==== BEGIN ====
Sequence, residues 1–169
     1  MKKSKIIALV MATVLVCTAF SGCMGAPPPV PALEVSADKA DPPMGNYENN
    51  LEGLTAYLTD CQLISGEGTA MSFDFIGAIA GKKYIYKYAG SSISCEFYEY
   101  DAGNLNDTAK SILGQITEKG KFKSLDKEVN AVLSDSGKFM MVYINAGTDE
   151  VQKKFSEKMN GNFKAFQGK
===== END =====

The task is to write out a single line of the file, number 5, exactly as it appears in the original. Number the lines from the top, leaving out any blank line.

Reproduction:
   151  VQKKFSEKMN GNFKAFQGK